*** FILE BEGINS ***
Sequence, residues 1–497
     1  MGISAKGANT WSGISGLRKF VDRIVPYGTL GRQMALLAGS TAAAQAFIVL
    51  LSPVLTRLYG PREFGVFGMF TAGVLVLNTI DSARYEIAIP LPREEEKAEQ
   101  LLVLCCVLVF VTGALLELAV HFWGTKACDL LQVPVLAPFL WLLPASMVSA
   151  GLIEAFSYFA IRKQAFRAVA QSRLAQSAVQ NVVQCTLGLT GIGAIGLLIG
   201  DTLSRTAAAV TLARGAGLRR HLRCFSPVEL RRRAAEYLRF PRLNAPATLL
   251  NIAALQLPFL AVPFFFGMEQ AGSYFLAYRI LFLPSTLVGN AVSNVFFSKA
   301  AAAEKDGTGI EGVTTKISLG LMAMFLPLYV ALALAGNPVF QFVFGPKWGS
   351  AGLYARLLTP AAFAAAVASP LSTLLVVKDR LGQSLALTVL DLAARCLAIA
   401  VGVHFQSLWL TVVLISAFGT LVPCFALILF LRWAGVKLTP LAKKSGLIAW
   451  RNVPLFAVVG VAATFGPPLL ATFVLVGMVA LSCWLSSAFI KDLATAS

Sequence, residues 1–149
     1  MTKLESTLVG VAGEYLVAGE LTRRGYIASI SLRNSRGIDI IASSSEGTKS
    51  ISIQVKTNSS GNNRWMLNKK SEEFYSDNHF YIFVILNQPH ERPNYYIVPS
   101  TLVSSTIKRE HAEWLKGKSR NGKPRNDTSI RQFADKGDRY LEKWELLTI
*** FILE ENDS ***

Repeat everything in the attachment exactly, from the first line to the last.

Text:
Sequence, residues 1–497
     1  MGISAKGANT WSGISGLRKF VDRIVPYGTL GRQMALLAGS TAAAQAFIVL
    51  LSPVLTRLYG PREFGVFGMF TAGVLVLNTI DSARYEIAIP LPREEEKAEQ
   101  LLVLCCVLVF VTGALLELAV HFWGTKACDL LQVPVLAPFL WLLPASMVSA
   151  GLIEAFSYFA IRKQAFRAVA QSRLAQSAVQ NVVQCTLGLT GIGAIGLLIG
   201  DTLSRTAAAV TLARGAGLRR HLRCFSPVEL RRRAAEYLRF PRLNAPATLL
   251  NIAALQLPFL AVPFFFGMEQ AGSYFLAYRI LFLPSTLVGN AVSNVFFSKA
   301  AAAEKDGTGI EGVTTKISLG LMAMFLPLYV ALALAGNPVF QFVFGPKWGS
   351  AGLYARLLTP AAFAAAVASP LSTLLVVKDR LGQSLALTVL DLAARCLAIA
   401  VGVHFQSLWL TVVLISAFGT LVPCFALILF LRWAGVKLTP LAKKSGLIAW
   451  RNVPLFAVVG VAATFGPPLL ATFVLVGMVA LSCWLSSAFI KDLATAS

Sequence, residues 1–149
     1  MTKLESTLVG VAGEYLVAGE LTRRGYIASI SLRNSRGIDI IASSSEGTKS
    51  ISIQVKTNSS GNNRWMLNKK SEEFYSDNHF YIFVILNQPH ERPNYYIVPS
   101  TLVSSTIKRE HAEWLKGKSR NGKPRNDTSI RQFADKGDRY LEKWELLTI